What is Vendor Relationship Management?


Lyly Lepinay

August 19, 2015

A new category of tools and services for empowering independent customers is starting to emerge. We call that category VRM, for Vendor Relationship Management.
VRM is the customer-side counterpart of Customer Relationship Management. Just as CRM gives companies means to relate to many different customers, VRM gives customers means to relate to many different companies. These means are the customer’s alone — as personal as her own browser, computer, clothes, bike or car.
For example, with VRM a customer will have her own way to change her contact information with every company she knows, in one move. Likewise, a customer will be able to inform many companies at once that she is interested in a particular product or service, while also controlling how much she reveals about herself and how that personal data can be used.
With VRM, economic signaling between demand and supply will be far more direct and efficient. It will also support genuine two-way relationships and minimize the need for surveillance and “big data” based guesswork by companies.
The Internet we know today is just twenty years old. It was born in April 1995, when the last noncommercial network connected to the Net shut down and commercial activity began to flow. ISPs, browsers, email, Web publishing and e-commerce all appeared, almost instantly, in forms that are not much different today.
Over the two decades since then, nearly all e-commerce innovation has been on the supply side of the marketplace. On the demand side, not much has happened.
But, the Internet was designed to give every end point — every customer, as well as enterprises of all sizes — a place to stand as a fully empowered and independent entity.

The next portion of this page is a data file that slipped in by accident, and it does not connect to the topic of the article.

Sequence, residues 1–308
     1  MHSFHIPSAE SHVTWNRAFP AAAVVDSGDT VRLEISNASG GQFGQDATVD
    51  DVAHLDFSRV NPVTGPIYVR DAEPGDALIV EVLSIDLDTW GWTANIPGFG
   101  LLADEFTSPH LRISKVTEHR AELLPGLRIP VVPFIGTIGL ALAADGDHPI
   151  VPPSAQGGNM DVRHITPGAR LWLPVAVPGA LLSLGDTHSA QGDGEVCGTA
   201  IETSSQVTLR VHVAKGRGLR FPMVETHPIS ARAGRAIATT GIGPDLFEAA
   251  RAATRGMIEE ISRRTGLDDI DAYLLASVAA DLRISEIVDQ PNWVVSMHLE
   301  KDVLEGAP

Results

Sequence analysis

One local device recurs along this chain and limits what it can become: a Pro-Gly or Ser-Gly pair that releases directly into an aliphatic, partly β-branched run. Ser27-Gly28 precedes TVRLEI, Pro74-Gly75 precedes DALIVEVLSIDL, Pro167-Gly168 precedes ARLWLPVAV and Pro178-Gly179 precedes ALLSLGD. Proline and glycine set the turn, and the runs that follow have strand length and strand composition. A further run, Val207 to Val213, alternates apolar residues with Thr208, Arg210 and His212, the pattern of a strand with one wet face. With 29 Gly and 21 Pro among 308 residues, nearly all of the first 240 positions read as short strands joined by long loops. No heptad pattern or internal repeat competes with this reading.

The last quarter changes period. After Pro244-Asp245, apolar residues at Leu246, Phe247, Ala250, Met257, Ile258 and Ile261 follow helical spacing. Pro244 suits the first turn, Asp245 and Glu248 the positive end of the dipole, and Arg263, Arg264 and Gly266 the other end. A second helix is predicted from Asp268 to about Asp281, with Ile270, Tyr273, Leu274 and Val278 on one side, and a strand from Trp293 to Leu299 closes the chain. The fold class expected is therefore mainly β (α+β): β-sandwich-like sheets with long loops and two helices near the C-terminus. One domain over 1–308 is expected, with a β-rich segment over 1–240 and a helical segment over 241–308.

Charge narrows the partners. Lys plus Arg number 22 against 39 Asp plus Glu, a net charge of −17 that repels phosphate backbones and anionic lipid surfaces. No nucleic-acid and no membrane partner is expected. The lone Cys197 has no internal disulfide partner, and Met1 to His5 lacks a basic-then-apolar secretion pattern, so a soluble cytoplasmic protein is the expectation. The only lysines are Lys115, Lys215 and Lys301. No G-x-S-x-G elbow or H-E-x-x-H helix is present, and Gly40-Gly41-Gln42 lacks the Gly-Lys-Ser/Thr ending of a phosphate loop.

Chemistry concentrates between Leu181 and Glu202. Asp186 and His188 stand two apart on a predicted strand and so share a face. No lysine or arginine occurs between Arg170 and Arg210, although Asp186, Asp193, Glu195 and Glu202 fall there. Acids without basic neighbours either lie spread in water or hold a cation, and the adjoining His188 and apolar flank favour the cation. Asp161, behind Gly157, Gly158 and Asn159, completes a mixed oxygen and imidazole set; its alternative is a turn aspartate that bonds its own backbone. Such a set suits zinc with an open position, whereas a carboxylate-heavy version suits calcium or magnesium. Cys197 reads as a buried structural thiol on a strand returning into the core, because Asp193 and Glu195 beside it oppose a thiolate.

So, VRM is the logical business process that complements the Internet’s end to end architecture allowing business to take advantage of full participation with customers.
Once customers can become true partners with the companies they engage, the economic upsides become incalculable, because clear signaling will be maximized in both directions. Simply put, free customers will prove more valuable than captive ones.
There are now many dozens of companies and development projects working on VRMin various forms (and by various labels), around the world. The emergence of the category is inevitable, because it is implicit in the Internet’s original and persistent design.
As the director of ProjectVRM, I salute Capgemini for being the first major worldwide technology consultancy to take an interest in VRM as an emerging trend, and to do anexcellent job of explaining it to the company’s corporate customers. This will surely help drive understanding of VRM in the world and accelerate development and adoption of customer side VRM solutions.

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